Saturday, January 7, 2012

Striking the Memory Chord...

If we ever speak, you would know...Life to me, may seem a series of episodes, where its lights, camera, action and every scene will be narrated with its story, colours and characters mouthing their exact dialogues. Yet, for long, I have always missed and struggled to drag the feelings out.

As Stephen King puts it,"The most important things are the hardest things to say. They are the things you get ashamed of because words diminish your feelings - words shrink things that seem timeless when they are in your head to no more than living size when they are brought out."

Like the lyrics of the song from the movie Rockstar: Jo bhi main kehna chahoon...

Jo bhi main kehna chahoon
Barbaad karen alfaaz mere
Alfaaz mere

Whatever I want to say,
it's ruined by my words..
my words..

Kabhi mujhe lage ki jaise
Saara hi ye jahaan hai jaadu
Jo hai bhi aur nahi bhi hai ye
Fiza, Ghata, Hawa, Baharein
Mujhe kare ishaare ye
Kaise kahoon
Kahani main inki

sometimes I feel that
the whole world is a magic,
which is there and not even there,
this breeze, clouds, air and springs..
They signal to me,
how do I narrate
their story..

Maine yehi socha hai aksar
tu bhi main bhi sabhi hain sheeshe
khud hi ko hum sabhi mein dekhen
nahi hoon main hoon main to phir bhi
sahi galat tumhara main
mujhe paana paana hai khud ko

I have often thought,
that you, me, all of us are like mirrors,
we only see ourselves in everyone else,
I dont exist, still If I do..
right or wrong, I am yours,
I am yet to find.. find myself..

This blog is dedicated to the 'feel' of those memories and the want to preserve them before my memory fails me.

Malhaar's Mother

In the morning rush to get to office in time, only happy to have successfully clambered on to the 10.09 CST fast from Ghatkopar, I took a deep breath to have found a place to lean against and the train trudged on. As a matter of habit, I  began scanning the crowd, the familiar faces in the train were greeted with smiles and acknowledgments and they reciprocated accordingly. The ladies compartment is always an interesting place to be, as there is a lot to observe - the clothes, accessories, footwear, cosmetics and yes, the attitudes. Just that the glances have to be mastered with some practice, without offending the other with your stares. Although, this art is very quickly grasped by the female species. Also, like teleserials, there are a few stories to eavesdrop on for continuation of the plot, this should be done without guilt because the parties to the conversation are sometimes loud enough  that the male co-passengers in the adjacent compartment too stand to benefit.

Yet in the entire jingbang, there are a few faces, that intrigue you, there is some thing about them that is either amiss or screaming for attention. For people like me, such faces speak volumes, at other time act like magnets. One such co-passenger was Malhaar's mother or so I'd like to address her. I vividly remember the first day I saw her, a cherubic face with a plump structure in a dark salwar kameez in shades of orange and yellow. Her hair was unkempt and curly, greying at the temples. The eyelids were swollen as if she had wept that morning and the nose running, a bit. She was hanging alongside the foot-board next to me, speaking hurriedly into the phone, as if she had   to finish the conversation within the limited time frame - the 15 minutes from Dadar to CST. She spoke in Marathi, probably to another elderly woman. Detailing that morning's chores and chaos. And then referred, so fondly to her son - little Malhaar, who would look forward to his father's visits and  almost always wished to accompany his Dad to his paternal home, sometimes on his own insistence and on rare occasions, when his father invited him over. Her work place, where there were a few colleagues who just wouldn't give her the privacy she needed. She spoke of the unwanted invitations to socialize, the inappropriate advances and the late working hours. The lack of her own family support and the fear of losing her son's affection.  And the raging hormones in her mid twenties that of late required her to frequent the doctor's clinic.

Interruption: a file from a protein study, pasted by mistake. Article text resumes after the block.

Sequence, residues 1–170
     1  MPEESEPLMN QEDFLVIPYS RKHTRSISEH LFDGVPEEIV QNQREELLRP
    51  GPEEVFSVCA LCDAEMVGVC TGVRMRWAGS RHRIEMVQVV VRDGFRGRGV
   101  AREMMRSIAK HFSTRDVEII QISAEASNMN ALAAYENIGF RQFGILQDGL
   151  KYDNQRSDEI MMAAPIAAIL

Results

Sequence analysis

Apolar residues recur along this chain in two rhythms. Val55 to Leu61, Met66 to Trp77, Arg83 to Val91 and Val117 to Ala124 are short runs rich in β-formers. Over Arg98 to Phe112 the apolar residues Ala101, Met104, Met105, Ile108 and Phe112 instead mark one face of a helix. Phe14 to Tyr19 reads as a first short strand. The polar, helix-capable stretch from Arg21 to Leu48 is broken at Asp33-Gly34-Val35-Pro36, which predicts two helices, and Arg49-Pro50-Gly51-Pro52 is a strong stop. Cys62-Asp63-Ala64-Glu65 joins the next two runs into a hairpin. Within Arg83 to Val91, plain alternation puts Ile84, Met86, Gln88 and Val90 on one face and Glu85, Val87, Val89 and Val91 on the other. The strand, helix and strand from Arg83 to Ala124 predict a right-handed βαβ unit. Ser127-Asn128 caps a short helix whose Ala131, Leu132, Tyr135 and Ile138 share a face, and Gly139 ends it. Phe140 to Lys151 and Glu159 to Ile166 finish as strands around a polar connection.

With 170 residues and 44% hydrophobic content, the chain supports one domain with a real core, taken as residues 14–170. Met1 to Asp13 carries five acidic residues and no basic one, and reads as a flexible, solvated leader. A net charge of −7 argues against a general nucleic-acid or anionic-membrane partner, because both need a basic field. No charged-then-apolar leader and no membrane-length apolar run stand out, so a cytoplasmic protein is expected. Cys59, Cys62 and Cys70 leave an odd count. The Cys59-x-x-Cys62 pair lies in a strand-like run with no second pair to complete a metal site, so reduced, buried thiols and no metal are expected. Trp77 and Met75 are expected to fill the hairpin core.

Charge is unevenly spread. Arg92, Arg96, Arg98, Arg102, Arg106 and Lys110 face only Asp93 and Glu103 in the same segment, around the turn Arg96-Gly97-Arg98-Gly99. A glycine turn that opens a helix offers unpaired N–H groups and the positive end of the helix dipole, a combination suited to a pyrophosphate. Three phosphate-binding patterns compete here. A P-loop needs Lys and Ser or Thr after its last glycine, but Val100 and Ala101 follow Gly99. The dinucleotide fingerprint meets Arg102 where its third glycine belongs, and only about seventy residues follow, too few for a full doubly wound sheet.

There were a few more occasions, traveling next to Malhaar's mom. Nothing much changed about her appearance, neither the hair and nor the swollen eyelids, just the temples were an increased mop of grey strands. At times, I would silently hope, as Dadar station approached, to see a hint of a smile on her face. At least an illusion, that would just last a few seconds. Somehow, I would always be disappointed. On a few other occasions, when we travelled in the same compartment, her conversations on the phone and with a particular fellow passenger she knew, veered around the same concerns and circumstances.

With agony and pangs of separation writ large on her face, it was hard to know the right thing to say to her. Though my heart would well up with empathy, it was a  situation where I found myself ill equipped to express concern at the woman's mental state. I, often, found myself questioning destiny and regretted my own inability to help her despite understanding that sinking feeling of loss, a feeling that is hard to describe to the inexperienced. It did not help much that Malhaar's mom was once a fellow classmate who had eloped with her paramour after an early marriage and I had known her better than most co-passengers as the curly haired girl who always smiled as if to show-off her cute bunny rabbit teeth.